This is going to be short I promise you. Ken Berger of CBS Sports has a piece up that I think has some really important tidbits that will matter moving forward.
- The minimum team salary will be 80 percent of the salary cap in 2011-12, 85 percent in '12-'13 and 90 percent in '13-'14.
- The international player buyout amount is increased from $500,000 to $525,000 this year, and by $25,000 each additional season.
- Player contracts can be renegotiated downward in extensions, as long as the player's salary does not decrease by more than 40 percent. Previously, renegotiations could only increase a player's salary. This could provide another key avenue for teams to maintain roster flexibility and add players with space created by restructuring existing contracts, similar to the NFL.
- Minimum fee for player promotional appearances made on behalf of commercial sponsor set at $3,000 ($3,500 beginning in 2016-17). The fee is $4,000 for appearances beyond eight in a season.
- Players will have a minimum of 16 days off per season beginning in 2012-13. A joint NBA-NBPA committee will study further improvements to workplace conditions, focusing on such issues as back-to-back games and two-a-days during training camp.
- Draft eligibility age remains set at one year removed from high school, with a joint NBA-NBPA committee discussing future changes.
- Players with three or fewer years of service can receive unlimited assignments to the NBA Development League but will be paid their NBA salaries. Players with more than three years of service can be assigned to the D-League with their consent, for example, for injury rehab.
- Beginning in 2012-13, players can be tested a maximum of two times during the offseason for performance-enhancing drugs only. Previously, players were subject to four random drug screenings from Oct. 1-June 30. HGH testing is not included, but the joint NBA-NBPA committee will study its possible future inclusion if it is agreed that the tests would be scientifically reliable.
- For those who really enjoy the fine print, the player per diem is set at $120, training camp compensation is increased to $2,000 per week and housing reimbursement for traded players is increased to $4,500 for three months following the trade.
There are a number of things that I find interesting. I've ranted about the salary floor a few days ago.
The salary floor being at 80% means that teams only have to get to a salary floor (or minimum salary) of 46,435,200 instead of 49,435,200. (These are full figures for a season. I'm not doing that 66 of 82 prorating shit.) The salary cap is set at last season's figure of 58,044,000.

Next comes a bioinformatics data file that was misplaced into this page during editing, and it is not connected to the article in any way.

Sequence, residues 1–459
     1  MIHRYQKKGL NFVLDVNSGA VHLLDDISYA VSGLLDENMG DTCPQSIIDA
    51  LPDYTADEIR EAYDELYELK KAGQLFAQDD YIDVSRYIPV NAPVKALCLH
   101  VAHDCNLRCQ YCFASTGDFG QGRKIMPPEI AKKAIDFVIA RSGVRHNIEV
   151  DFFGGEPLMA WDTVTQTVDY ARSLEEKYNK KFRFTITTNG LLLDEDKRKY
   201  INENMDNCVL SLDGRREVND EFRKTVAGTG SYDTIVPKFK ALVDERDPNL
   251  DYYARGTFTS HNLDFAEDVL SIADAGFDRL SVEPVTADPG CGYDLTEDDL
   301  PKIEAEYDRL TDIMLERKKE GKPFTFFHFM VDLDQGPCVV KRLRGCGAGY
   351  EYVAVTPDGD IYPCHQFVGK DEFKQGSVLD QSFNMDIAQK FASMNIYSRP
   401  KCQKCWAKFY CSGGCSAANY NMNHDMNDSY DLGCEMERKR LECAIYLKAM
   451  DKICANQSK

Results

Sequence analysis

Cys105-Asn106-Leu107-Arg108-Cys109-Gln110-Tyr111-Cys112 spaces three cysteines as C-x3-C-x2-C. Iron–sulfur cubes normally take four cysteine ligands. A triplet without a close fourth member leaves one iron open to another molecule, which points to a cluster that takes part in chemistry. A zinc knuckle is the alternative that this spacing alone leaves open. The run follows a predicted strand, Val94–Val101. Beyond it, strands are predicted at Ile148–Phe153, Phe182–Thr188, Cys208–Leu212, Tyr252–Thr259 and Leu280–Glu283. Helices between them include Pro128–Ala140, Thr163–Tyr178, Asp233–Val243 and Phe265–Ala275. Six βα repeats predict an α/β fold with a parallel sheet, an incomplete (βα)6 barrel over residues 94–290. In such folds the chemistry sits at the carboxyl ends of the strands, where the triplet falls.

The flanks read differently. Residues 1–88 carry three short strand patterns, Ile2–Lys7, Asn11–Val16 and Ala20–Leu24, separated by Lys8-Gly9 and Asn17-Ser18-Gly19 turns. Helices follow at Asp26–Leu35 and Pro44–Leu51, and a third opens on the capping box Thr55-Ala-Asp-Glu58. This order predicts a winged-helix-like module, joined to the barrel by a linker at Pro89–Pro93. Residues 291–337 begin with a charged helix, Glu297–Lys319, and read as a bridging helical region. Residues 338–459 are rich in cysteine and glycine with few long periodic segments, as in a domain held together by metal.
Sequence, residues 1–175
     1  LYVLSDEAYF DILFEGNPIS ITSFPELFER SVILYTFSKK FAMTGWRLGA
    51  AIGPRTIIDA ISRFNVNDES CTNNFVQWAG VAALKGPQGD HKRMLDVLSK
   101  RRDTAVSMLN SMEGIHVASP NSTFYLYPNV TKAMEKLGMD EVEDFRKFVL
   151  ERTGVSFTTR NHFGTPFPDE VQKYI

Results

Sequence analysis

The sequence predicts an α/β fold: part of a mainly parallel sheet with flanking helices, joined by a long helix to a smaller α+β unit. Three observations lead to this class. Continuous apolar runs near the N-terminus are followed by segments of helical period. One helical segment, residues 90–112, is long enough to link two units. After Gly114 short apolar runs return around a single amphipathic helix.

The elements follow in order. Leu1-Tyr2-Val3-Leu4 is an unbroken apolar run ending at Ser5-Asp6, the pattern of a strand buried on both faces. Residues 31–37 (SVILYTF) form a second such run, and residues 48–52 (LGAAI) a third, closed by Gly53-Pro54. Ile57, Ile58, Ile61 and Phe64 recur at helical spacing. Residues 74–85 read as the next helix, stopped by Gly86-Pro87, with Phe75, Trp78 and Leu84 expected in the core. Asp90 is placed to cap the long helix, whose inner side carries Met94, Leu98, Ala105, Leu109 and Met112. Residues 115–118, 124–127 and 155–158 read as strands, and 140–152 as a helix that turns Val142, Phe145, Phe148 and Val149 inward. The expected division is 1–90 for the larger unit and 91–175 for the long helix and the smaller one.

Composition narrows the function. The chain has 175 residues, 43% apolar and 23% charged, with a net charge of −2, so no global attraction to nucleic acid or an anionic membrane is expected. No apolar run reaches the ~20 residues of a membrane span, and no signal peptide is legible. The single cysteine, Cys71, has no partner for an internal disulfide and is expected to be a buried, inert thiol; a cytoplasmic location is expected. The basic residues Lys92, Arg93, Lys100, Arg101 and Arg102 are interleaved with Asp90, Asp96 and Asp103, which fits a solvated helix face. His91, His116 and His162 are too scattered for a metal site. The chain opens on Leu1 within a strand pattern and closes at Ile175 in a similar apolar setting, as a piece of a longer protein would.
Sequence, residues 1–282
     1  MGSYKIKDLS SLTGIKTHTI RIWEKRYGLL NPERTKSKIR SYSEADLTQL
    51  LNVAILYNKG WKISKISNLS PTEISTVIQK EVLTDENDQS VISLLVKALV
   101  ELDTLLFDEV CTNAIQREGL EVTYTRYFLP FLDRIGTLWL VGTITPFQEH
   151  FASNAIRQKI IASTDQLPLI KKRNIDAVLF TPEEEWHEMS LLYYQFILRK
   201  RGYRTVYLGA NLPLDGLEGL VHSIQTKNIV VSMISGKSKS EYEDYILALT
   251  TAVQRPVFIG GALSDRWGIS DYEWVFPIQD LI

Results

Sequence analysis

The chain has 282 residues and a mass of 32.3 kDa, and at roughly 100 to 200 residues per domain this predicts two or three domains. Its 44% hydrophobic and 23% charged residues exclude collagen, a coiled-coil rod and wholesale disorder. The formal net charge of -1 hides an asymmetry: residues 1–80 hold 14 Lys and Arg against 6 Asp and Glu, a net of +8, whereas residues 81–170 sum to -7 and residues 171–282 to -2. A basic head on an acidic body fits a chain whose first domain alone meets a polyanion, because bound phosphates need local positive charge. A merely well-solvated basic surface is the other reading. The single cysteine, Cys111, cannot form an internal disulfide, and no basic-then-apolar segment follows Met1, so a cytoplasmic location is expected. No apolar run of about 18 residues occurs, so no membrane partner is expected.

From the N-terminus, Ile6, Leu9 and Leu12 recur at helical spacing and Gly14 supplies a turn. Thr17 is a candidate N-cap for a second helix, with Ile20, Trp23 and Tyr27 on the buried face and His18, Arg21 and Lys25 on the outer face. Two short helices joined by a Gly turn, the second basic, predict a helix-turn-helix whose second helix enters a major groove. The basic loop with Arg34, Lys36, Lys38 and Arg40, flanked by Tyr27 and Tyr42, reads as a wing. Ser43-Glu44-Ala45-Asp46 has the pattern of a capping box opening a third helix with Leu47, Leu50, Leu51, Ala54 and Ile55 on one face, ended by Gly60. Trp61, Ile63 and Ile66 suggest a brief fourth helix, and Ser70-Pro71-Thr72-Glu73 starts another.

By year 6 of the new CBA, teams could spend 650 K in contributing toward a buyout of an international player. You can bet that with this knowledge, European teams will keep jacking their buyouts of the young players they find even higher than they are now. It'll be interesting to see, other than those teams that sell their players off for money in these instances, who benefits from this on the NBA side.
The fact that veteran players can be sent down to the NBDL for injury rehab is great. I don't know if that happens often, but it very well can. I wouldn't be surprised to see it happen quite a few times when a player needs to get into game shape after a long layoff.
The per-diem is an interesting point, and that's especially true about players who are traded. I didn't realize players got something anything near that when traded. Again, I don't care what people say: The owners and players are not part of the 99% in any way shape or form. This is a totally lifestyle than the rest of us, even those of us who have lucrative and good jobs, can live.
The last big point is the ability to negotiate a contract down up to 40%. Many people will say it should be more, but that's not going to happen. It's only up to the player to agree to that, and that's that. Only a few superstars who know their teams need cap room to sign a player they want will do that. Most players can't afford to renegotiate their contract for less dollars to get another player of similar talent. Only stars can. Remember the NFL? Since Berger mentions it and all? Who renegotiates their contracts in the NFL? Stars. Don't think players are going to get crazy. Players, and owners for that matter, still want their money. A player won't renegotiate their contract to get a team under the luxury tax for instance (and the team can't pressure the player to do so). There are lots of way these renegotiations of contracts can happen, but renegotiations could only happen previously when a team had cap room. It'll be interesting to see under what circumstances renegotiations are allowed.I bet there are going to be only limited circumstances where a team can renegotiate contracts.
For instance, the best 2 instances of a player and renegotiating contracts was Andray Blatche and Nick Collison. Both were done dramatically differently in each case, but both represented unique ways to renegotiate a contract.
Just as a word of advice: Renegotiations sound like a big thing, but they really aren't. It's worth keeping in mind that only a few situations even happen (I used Blatche and Collison to illustrate that) where renegotiations are possible. I highly doubt that changes with a new CBA. Okay I think this is it.
Carry on with life now that this life shattering news has pounced upon you.